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Reviewed by:
  • I Swallow Turquoise for Courage
  • Robin Riley Fast (bio)
Hershman R. John (Sun Tracks). I Swallow Turquoise for Courage. Tucson: U of Arizona P, 2007. ISBN: 978-0-8165-2592-8. 103 pp.

Hershman R. John's first book is infused with Navajo history and culture. At the same time his engagement with non-Native cultures is also clear, in allusions to, among others, Basho, Anne Sexton, Langston Hughes, the Statue of Liberty, and Midas. Grandmothers and Coyote figure prominently, as do references to the Navajo creation story, turquoise, and weaving.

In a book of great formal variety, the use of juxtaposition is particularly noteworthy as a structural principle and a mode for creating meaning and tone. "A Sheep Dog Locked in Photograph" [End Page 104] and "Coyote's Ad Infinitum" offer very different examples. The book exemplifies some of the traits of contemporary Navajo poetics described by Luci Tapahonso: "symbolism, concrete diction, and imagery. [. . .] rich, connotative allusions to time, surrounding physical conditions, and historical as well as spiritual imagery" (25). Further, "The combination of [traditional Navajo genres and poetics with 'written literary techniques'] results in poetry [. . .] that is innovative in terms of format, use of space [. . .] and, most important, a tonal quality that is at once historical, literal, and spiritual" (33). John's book also reflects saad:

our way of seeing the world and of relating to all things [. . .] sustained [the Navajo people] [. . .] and thus the acquisition of knowledge or saad remains important today. Saad [. . .] is the essence of what we were taught: that as long as we recognize our responsibilities to each other and the world we will go on.

(Tapahonso 35)

With this book, Hershman John joins a strong company of contemporary Navajo writers, only a few of whom I will mention, to suggest how I Swallow Turquoise might be located in relation to this larger body of work. Perhaps the most recognized of these writers is Tapahonso herself. While she does not avoid painful subjects, her poems and stories tend to point toward grounds for hope. With a grounding as solidly Navajo as Tapahonso's, John's poems more commonly suggest persistent sadness or tensions. The traditional "mythological" elements on which the two writers most explicitly draw also differ, and it may be that, by alluding most directly to early parts of the creation story (the first two worlds), John creates a context not only in which uncertainty and screwups, danger, and pain are likely (as they also are in Tapahonso's work) but in which outcomes are uncertain.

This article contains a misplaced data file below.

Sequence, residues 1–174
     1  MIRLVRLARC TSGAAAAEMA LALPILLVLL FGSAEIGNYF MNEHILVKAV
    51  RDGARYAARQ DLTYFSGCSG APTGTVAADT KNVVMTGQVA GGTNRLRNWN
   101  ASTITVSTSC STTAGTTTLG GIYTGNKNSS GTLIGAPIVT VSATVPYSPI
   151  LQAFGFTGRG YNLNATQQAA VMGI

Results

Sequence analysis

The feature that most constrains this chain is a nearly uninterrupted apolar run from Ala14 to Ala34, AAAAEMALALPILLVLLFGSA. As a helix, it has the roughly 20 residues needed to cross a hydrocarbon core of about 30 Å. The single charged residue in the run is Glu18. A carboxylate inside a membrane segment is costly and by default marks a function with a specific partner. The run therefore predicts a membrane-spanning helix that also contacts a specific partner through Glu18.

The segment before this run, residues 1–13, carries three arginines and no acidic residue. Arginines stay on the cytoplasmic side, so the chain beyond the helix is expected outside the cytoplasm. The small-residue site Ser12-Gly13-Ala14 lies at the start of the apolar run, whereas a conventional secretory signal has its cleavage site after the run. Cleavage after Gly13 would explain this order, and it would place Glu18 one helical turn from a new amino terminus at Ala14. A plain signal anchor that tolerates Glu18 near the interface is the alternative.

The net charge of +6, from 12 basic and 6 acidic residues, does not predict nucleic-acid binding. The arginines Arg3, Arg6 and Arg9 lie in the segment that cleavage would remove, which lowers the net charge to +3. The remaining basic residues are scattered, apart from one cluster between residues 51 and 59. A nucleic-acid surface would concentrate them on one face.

The elusiveness of resolutions is also characteristic of the work of Laura Tohe and Sherwin Bitsui. Tohe's dominant focus on boarding school and its aftermath is the source of her book's predominant bleakness, anger, and implied questions about the future. The immediate sources of pain in John's poetry differ: deaths, children's alienation from elders, radiation poisoning, and [End Page 105] the destruction of the buffalo are among the causes of the griefs he probes, and though some poems promise love or solidarity (e.g., "A Postcard from Van Gogh," "Grandmother Moon"), ambiguity or outright dread or sorrow are more common in his poems. Examples include "Gambling a Good Night Away," "Four Days, Four Nights," "Buffalo Head Nickel," "Spider Woman's Children," and "Refusing to Be Blessed." Finally, Sherwin Bitsui's recurrent references to conquest, exploitation, and violence create a tone that often approaches the apocalyptic, with images that fuse the surreal with the recognizable real, and often nightmarish, effects. Throughout, Bitsui suggests the presence of resistant energy, but his poems afford practically no hope until the final pages, and even here that hope seems tenuous.

Grief, painful knowledge of history, and resistance are variously evident in all of these writers' works; tonally, Hershman John's poetry stands between the relative serenity of Tapahonso's, on the one hand, and, on the other, the furious bleakness of Tohe's and the difficult, driven energies of Bitsui's.

Meditating on mortality, locatedness, and the necessity of stories, "The Dark World" exemplifies many of this book's strengths. The creation story, begun by Grandmother Spider, is continued by "Altsé Hastiin, First Man," speaking from...

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Additional Information

ISSN
1548-9590
Print ISSN
0730-3238
Pages
pp. 104-107
Launched on MUSE
2009-02-01
Open Access
No
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